Babe's Chicken Dinner House has the same success story as many American start-ups. Humble beginnings, hard work and a great product leads to success. After starting with just one small country cooking restaurant in 1981, Paul and Mary Beth Vinyard have opened 11 more and now employ more than 1,300 people in the state of Texas.
The restaurant takes the name “Babe” from Mary Beth who used it as a nickname for years before her death in 2008. Her husband Paul keeps the booming business going with the support of his two children, Joel and Tiffany.
Babes has a distinct, scratch cooking, comfort food feel of grandma's kitchen in each unique restaurant. The atmosphere is as warm and welcoming as the crispy fried chicken, piled high on a family style over-sized platters. No corporate ownership or public offering here. And the customers love it. TheBlaze went to three locations and the wait was more than an hour at each packed location, all on a weeknight!
So what is the Babe's secret?
"Hard work," answers Paul Vineyard, sitting at a round table amongst a packed house of customers. Paul is an unassuming elderly man and almost got red when we asked him his official title.
"CEO I guess, but we don't talk about that much" he says with a grin. He is flanked by his co-owners, his children on each side, who run the day-to-day of the business. "These are my co-owners," Paul says proudly.
The conversation shifts to President Barack Obama's now infamous comments of, "If you've got a business, you didn't build that, somebody else made that happen." Paul and his son Joel, who has worked at the restaurant since high school, called the comments both insulting and offensive.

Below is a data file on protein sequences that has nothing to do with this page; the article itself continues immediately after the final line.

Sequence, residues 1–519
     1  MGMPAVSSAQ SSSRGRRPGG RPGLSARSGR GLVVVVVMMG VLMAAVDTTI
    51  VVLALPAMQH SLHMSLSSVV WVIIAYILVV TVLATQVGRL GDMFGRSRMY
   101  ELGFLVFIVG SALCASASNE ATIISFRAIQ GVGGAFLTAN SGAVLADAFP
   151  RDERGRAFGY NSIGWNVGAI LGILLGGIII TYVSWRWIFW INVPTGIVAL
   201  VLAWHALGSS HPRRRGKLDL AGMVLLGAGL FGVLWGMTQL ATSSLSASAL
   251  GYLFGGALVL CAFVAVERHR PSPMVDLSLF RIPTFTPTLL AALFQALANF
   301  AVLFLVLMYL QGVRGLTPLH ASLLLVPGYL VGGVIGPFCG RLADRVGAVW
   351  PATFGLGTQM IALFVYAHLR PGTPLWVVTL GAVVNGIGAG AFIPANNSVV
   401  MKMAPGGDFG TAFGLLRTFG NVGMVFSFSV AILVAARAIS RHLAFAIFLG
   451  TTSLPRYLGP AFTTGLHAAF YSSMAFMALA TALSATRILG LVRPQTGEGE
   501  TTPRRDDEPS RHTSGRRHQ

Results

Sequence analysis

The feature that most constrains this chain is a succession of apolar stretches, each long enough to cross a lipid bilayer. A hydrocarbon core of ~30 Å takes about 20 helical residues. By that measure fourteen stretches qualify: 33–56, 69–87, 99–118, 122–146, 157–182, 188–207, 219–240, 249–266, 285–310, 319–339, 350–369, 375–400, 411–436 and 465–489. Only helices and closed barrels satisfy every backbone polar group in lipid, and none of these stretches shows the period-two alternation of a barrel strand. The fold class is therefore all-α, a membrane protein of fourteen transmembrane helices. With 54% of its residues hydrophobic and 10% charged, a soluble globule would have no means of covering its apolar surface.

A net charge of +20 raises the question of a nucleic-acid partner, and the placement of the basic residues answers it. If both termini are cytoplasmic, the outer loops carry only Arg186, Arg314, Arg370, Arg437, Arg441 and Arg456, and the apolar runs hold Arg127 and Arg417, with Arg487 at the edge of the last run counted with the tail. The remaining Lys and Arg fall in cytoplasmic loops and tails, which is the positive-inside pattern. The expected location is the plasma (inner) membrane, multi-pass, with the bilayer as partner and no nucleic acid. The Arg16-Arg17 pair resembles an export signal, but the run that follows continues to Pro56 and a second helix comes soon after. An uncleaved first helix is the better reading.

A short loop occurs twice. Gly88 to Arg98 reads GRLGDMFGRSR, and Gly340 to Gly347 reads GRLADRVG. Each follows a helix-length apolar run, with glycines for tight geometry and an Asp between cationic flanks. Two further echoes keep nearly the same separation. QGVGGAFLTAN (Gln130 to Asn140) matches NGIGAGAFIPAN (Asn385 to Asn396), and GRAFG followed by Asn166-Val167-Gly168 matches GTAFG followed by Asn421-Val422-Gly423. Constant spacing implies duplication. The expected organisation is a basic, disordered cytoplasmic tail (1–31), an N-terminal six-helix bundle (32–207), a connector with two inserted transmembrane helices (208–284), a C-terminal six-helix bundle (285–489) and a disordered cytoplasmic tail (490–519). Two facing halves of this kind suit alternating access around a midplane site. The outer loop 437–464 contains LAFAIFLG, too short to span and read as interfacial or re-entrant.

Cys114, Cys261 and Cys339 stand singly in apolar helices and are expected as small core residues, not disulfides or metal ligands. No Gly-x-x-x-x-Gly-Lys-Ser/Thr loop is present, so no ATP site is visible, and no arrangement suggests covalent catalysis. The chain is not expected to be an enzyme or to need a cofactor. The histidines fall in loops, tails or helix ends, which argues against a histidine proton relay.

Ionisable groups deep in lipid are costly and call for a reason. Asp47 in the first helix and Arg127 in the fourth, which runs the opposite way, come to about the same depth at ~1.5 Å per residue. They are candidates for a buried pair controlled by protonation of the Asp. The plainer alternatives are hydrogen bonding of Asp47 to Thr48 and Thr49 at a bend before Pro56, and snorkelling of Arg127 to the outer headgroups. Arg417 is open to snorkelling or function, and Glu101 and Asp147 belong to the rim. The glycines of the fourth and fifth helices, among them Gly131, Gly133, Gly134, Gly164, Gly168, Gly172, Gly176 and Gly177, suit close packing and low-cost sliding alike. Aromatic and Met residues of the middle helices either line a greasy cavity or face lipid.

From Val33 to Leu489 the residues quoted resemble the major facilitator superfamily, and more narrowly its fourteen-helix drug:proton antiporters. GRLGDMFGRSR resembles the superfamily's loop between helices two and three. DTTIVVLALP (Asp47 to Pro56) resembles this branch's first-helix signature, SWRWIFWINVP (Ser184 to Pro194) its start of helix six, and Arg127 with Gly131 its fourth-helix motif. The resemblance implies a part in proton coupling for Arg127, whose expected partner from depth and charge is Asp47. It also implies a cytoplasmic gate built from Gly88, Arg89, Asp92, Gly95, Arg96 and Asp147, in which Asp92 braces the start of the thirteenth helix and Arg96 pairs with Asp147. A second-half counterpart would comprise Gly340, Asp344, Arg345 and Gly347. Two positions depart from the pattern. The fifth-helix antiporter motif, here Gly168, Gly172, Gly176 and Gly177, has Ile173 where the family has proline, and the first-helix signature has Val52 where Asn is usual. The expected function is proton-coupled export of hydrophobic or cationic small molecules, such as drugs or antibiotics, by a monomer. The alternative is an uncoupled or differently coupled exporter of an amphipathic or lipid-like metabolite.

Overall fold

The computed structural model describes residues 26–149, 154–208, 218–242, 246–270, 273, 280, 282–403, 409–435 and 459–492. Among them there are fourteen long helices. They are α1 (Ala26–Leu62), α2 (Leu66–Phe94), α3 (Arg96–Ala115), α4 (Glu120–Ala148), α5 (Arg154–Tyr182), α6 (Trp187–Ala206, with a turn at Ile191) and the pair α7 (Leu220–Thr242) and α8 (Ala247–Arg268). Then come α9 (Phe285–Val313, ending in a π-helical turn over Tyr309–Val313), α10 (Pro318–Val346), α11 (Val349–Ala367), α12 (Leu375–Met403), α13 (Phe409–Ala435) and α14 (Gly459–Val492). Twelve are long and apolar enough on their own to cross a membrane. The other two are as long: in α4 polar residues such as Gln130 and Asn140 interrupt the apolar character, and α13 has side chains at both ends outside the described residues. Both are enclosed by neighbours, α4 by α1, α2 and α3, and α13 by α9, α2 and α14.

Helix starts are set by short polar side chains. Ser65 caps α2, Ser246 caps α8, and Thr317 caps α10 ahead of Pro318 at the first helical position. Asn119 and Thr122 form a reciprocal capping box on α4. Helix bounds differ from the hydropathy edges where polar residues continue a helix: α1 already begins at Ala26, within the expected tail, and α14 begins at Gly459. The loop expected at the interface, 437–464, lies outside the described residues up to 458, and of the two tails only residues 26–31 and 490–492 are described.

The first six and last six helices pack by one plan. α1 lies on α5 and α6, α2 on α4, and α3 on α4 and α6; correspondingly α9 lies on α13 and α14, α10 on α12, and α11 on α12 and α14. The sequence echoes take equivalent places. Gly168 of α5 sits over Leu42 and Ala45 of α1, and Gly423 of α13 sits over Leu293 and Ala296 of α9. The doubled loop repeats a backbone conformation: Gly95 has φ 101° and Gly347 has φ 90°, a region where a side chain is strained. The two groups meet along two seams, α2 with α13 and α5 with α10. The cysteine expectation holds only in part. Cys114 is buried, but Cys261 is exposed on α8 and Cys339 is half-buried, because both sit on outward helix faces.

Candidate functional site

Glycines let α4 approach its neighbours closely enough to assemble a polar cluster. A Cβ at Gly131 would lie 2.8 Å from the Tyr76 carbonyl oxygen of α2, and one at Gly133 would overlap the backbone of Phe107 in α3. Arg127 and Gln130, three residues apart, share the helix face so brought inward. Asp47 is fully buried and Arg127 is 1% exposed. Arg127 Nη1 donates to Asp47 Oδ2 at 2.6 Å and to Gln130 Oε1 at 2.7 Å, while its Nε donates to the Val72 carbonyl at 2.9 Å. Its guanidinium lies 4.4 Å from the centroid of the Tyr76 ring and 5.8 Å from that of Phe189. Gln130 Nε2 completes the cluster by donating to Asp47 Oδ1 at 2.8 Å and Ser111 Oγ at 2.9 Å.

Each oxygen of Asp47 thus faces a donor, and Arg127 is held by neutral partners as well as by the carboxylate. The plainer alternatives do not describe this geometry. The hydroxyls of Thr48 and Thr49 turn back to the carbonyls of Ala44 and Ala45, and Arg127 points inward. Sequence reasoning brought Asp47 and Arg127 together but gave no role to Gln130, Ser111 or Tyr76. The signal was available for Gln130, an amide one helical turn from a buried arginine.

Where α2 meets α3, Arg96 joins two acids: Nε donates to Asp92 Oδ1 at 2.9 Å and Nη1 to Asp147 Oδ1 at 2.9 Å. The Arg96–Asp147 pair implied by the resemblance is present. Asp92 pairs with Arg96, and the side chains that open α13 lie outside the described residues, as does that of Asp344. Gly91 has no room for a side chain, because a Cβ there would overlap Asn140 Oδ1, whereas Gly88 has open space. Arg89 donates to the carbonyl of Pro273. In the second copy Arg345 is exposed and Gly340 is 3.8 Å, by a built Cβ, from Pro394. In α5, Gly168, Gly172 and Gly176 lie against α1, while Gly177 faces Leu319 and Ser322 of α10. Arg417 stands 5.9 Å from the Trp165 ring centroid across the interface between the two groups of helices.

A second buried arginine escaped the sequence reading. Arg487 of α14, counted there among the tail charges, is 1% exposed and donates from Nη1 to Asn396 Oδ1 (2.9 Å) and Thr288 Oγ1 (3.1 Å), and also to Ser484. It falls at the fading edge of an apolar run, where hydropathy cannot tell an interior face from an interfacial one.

"It's terrible," Joel says, noting that all good employers take care of and appreciate those who helped them build their business, "but you can't take away the core responsibility, the piece that drives it. The job creation itself." Paul seconds that.
"Each of these entrepreneurs have brought many other people along with them," he says, "given them the money to raise families, educate their kids, paid for the insurance for them and given them success."
A floor manager named Jose adds how "grateful" he is to the restaurant. Jose describes his entrance into the Babe's family when he walked up to a trailer in a parking lot where they were building the restaurant and was "hired on the spot." Jose has worked his way up in the chain to the position of floor manager without any prior experience: "It just goes to show that a family is family no matter where they come from" Jose says proudly.
Paul adds that his mission is Babe's employees. "We try to teach them a little bit about Christianity, honesty, integrity, character and we teach them about the Constitution." Joel adds that that is the "way we should do it."
Paul makes a final note to punctuate the conversation: "The government has no money, other than what they take from us. So we built all of that that [Obama] is talking about."
Pass the gravy & watch this Fried Chicken American story below: